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You’ve probably heard that buying a home is cheaper than renting an apartment.
While homeownership may be a smart investment for some, personal circumstances and lifestyle may require you to look at other options, including renting.
For instance, many potential homebuyers assume they must put at least 20 percent down, sign a 30-year mortgage, and stay in the home at least seven years to protect their investment. However, this scenario may not work for everyone, especially those without a steady income, enough savings, or those who face a potential job relocation. In these situations, renting might be the right option, particularly over a relatively short period of time.
In addition to an individual’s financial position, the decision of whether to buy or rent may also depend on location. According to Trulia, an online real estate site, in cities such as Honolulu, San Jose, Calif., and Lancaster, Pa., buying is only about 16 to 19 percent cheaper than renting.
A prospective buyer’s income and location can also affect whether purchasing a home is even possible. A recent survey by HSH.co, a publisher of mortgage and consumer loan information, found that a buyer would need an income of about $142,000 in San Francisco and $99,000 in San Diego to afford a median-priced home (including principal, interest, taxes and insurance payments). By contrast, a buyer would need a salary of about $32,000 to own a median-priced home in Cleveland.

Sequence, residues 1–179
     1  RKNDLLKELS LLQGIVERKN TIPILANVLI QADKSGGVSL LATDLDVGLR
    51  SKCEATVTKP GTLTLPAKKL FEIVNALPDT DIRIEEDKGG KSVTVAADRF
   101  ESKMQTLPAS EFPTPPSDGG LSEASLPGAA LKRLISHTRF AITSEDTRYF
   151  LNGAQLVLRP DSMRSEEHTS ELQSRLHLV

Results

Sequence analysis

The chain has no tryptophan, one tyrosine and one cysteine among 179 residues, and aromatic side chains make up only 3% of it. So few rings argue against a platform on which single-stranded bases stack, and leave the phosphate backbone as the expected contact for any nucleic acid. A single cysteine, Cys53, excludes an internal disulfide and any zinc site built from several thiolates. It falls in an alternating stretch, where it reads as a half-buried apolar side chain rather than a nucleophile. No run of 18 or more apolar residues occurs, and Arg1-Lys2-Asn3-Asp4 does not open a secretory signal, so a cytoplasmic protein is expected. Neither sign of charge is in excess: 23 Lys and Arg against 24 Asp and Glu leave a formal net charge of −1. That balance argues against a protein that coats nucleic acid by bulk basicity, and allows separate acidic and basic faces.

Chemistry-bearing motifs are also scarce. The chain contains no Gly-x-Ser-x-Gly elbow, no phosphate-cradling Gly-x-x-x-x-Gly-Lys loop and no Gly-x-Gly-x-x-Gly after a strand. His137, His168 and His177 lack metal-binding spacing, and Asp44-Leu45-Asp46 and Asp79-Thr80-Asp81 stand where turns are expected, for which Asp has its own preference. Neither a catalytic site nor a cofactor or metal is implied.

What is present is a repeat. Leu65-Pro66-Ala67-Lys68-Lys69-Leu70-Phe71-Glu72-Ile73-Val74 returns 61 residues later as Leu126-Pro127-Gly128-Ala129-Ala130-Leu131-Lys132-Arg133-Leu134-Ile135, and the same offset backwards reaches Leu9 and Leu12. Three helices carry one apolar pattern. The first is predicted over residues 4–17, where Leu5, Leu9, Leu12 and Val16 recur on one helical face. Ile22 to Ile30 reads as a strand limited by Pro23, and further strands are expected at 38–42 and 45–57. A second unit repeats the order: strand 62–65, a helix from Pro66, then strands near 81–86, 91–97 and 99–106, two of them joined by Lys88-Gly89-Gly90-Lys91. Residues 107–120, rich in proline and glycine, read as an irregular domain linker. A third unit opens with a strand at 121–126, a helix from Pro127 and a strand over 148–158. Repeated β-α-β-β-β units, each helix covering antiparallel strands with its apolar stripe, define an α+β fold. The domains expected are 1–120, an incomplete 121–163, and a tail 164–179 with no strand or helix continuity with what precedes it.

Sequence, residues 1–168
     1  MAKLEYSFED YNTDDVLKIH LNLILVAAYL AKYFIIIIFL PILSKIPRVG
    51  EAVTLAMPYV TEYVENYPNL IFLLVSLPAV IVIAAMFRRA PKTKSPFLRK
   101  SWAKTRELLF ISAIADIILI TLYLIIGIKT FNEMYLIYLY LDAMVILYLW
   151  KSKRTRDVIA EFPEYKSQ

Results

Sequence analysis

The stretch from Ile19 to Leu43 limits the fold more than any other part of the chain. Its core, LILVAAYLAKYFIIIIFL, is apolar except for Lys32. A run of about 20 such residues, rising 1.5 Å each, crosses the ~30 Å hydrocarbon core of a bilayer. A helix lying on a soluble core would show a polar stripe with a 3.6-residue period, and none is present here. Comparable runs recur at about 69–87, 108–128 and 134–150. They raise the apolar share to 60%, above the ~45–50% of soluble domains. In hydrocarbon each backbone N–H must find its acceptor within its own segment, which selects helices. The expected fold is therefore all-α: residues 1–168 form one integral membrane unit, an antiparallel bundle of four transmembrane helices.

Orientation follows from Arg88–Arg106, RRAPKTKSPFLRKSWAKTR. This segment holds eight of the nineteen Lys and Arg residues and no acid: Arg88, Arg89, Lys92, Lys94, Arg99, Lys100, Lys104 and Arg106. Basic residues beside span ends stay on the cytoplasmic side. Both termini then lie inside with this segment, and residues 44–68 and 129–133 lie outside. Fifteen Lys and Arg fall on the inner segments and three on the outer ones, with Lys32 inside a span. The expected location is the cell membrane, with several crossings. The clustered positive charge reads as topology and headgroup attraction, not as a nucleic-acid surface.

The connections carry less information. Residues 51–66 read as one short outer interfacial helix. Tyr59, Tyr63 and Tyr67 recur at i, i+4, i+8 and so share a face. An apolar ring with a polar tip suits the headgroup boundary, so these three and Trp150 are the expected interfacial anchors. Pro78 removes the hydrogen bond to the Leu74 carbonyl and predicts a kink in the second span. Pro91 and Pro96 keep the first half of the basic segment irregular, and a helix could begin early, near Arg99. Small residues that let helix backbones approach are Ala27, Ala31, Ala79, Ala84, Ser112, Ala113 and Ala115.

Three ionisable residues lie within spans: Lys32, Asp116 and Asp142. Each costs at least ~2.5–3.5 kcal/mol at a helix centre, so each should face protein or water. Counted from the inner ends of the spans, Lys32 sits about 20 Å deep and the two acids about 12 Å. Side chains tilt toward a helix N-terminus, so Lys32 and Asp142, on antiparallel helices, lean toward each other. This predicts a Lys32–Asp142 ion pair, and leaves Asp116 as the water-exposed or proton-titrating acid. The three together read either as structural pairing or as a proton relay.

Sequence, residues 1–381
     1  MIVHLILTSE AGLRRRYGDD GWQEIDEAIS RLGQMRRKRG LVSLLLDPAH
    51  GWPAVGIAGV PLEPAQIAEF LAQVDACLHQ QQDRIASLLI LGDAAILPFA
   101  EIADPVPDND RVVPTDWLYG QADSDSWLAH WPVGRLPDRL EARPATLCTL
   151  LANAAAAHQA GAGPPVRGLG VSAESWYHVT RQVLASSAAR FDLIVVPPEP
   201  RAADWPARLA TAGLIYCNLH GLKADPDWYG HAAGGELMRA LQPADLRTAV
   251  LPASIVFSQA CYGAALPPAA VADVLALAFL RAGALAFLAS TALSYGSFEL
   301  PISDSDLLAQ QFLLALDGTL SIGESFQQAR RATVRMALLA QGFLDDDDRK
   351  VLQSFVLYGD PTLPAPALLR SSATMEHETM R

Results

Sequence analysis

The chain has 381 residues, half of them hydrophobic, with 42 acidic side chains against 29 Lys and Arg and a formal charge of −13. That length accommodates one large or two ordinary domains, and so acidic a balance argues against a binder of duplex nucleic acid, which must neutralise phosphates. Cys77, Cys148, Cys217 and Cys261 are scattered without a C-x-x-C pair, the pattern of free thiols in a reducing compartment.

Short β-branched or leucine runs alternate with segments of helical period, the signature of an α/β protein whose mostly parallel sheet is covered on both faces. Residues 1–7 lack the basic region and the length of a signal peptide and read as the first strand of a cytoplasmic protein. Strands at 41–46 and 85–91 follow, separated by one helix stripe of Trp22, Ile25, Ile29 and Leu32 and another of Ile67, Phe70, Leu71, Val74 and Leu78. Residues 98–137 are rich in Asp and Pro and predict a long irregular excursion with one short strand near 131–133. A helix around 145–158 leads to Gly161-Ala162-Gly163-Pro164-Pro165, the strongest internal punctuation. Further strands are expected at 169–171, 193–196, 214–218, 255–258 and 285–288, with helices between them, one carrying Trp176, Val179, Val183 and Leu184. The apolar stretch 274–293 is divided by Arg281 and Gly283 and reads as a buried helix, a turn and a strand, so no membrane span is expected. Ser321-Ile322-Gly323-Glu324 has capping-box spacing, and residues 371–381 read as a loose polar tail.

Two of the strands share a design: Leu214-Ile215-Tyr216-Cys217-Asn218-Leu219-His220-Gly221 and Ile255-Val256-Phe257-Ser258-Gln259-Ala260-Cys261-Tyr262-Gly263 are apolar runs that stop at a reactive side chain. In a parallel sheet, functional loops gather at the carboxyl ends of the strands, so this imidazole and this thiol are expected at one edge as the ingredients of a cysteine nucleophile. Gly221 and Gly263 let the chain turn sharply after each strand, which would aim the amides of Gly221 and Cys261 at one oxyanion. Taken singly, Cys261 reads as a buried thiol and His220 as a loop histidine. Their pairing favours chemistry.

Ownership also involves expenses outside of a monthly mortgage, including those associated with care and maintenance of the home. If you’re weighing ownership costs vs. renting, it’s important to keep these factors in mind:
When you add it all up, you might find that buying a home isn’t any cheaper than renting. You might find it is less expensive to own than rent. Either way, be sure to do your research, factor in your lifestyle, and pick the most appropriate solution for you.
The information contained in this blog post is designed to generally educate and inform visitors to the Equifax Finance Blog. The blog posts do not give, and should not be assumed to provide, personalized tax, investment, real estate, legal, retirement, credit, personal financial, or other professional advice. Before making any financial decision, you should always consult with the appropriate professionals who can explain your options, rights, and legal responsibilities, and advise you on any tax, legal, credit, or business implications that may result from those decisions. The views and opinions expressed by the authors of blog posts are their own views and may not be the views or opinions of Equifax, Inc. and/or its affiliates.
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